Entry updated 21 August 2012. Tagged: Music.
UK prog-rock band comprising Peter Hammill, Hugh Robert Banton (1949- ) and Guy Evans (1947- ). Highly regarded in the narrow world of English prog, the group released a series of musically soursweet and ornately complex albums whose obscure lyrics trace out fantastical versions of ordinary life that shade, often, into a more structured fabulation. The first album, The Aerosol Grey Machine (1969), though not the group's best, has an arresting, quasi-surreal New Wave sf flavour. Better is The least we can do is wave to each other (1970), a meditation on the porous boundaries between hard science and alchemical mysticism that manages notable sophistication and nuance. Best of all is H to He, Who Am the Only One (1970); a loose concept album that takes the nuclear fusion of hydrogen to helium (the "H to He" of the title) as a starting point for an articulation of the dialectic of science, as both destructive ("The Emperor in his War Room") and as future-possibility, figured here as a spaceship with Faster Than Light capability (the last track, "Pioneers Over c", ambitiously dates this eventuality to "1983"). Pawn Hearts (1971) again richly complex and non-standard, focuses on earthbound subjects and, in its 23-minute final track "A Plague of Lighthouse Keepers", strays into structural sagginess.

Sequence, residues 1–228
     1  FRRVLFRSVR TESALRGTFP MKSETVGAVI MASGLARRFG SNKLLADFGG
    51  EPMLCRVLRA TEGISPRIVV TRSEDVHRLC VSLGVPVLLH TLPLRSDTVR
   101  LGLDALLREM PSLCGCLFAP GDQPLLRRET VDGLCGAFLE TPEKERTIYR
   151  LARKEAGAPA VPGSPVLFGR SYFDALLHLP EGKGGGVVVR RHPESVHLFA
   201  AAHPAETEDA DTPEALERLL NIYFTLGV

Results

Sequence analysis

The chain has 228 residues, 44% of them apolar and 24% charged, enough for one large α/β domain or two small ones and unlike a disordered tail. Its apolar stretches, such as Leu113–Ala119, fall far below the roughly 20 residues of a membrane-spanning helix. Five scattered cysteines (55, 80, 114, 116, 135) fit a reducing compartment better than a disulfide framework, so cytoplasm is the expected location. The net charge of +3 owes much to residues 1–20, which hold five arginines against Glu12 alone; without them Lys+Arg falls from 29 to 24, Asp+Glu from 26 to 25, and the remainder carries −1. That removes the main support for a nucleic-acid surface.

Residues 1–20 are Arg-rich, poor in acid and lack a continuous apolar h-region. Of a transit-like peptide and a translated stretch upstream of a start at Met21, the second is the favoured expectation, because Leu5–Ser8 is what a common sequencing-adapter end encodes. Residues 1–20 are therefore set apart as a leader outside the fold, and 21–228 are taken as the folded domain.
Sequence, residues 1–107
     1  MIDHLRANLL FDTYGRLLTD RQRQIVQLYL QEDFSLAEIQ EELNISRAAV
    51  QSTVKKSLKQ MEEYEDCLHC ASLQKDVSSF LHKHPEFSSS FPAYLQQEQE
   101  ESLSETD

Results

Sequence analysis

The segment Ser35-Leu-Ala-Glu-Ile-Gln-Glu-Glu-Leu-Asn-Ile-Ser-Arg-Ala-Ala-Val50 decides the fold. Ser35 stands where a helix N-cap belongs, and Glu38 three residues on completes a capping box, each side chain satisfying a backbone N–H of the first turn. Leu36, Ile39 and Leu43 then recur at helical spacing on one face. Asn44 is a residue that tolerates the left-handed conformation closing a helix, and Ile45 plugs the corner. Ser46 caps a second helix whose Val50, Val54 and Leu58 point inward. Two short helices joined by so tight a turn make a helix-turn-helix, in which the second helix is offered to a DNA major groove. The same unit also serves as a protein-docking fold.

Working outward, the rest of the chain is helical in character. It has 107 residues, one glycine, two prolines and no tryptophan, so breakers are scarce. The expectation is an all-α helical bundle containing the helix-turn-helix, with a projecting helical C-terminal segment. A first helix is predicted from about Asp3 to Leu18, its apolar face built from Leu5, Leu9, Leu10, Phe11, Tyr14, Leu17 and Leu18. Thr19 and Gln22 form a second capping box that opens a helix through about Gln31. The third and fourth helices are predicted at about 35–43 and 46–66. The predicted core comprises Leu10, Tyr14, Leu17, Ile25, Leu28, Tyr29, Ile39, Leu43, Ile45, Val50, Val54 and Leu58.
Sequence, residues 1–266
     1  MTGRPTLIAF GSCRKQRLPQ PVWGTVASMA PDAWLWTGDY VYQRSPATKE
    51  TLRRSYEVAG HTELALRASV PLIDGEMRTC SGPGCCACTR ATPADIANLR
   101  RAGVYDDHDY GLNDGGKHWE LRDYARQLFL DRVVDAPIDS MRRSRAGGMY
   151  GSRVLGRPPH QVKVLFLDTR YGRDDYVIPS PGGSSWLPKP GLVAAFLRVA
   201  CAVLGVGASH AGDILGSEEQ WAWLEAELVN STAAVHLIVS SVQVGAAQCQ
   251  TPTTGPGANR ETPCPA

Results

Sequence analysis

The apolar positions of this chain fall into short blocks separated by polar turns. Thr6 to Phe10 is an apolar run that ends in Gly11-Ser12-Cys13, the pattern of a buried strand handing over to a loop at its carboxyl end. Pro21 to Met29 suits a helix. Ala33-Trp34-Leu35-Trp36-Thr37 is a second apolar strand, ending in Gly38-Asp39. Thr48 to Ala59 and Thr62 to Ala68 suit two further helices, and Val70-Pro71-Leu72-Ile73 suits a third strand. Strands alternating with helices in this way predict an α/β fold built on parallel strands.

None of these releases achieved commercial success (except, for some reason, in Italy) and this fact combined with various other pressures brought about the group's break-up in 1972, with Hammill pursuing a solo career. A reunion in 1975 resulted in several new releases, amongst them Godbluff (1975), and Still Life (1976), which included a lengthy song inspired by Arthur C Clarke, "Childlike Faith in Childhood's End". But subsequent albums, World Record (1976) and The Quiet Zone/The Pleasure Dome (1977) did not scale the heights of earlier work, and the band broke up once again in 1978. A second reunion, and an unremarkable album (Present, 2005) seem directed towards the nostalgia of long-term followers of the group rather than any pressing desire to say anything new.
Fans, schooled in reading intricate hidden meanings into every detail of the group's releases, have purported to find arcane significance in the band-name's misspelling of the Van de Graaff static electricity generator, although Hammill has always insisted it was a simple mistake. [AR]
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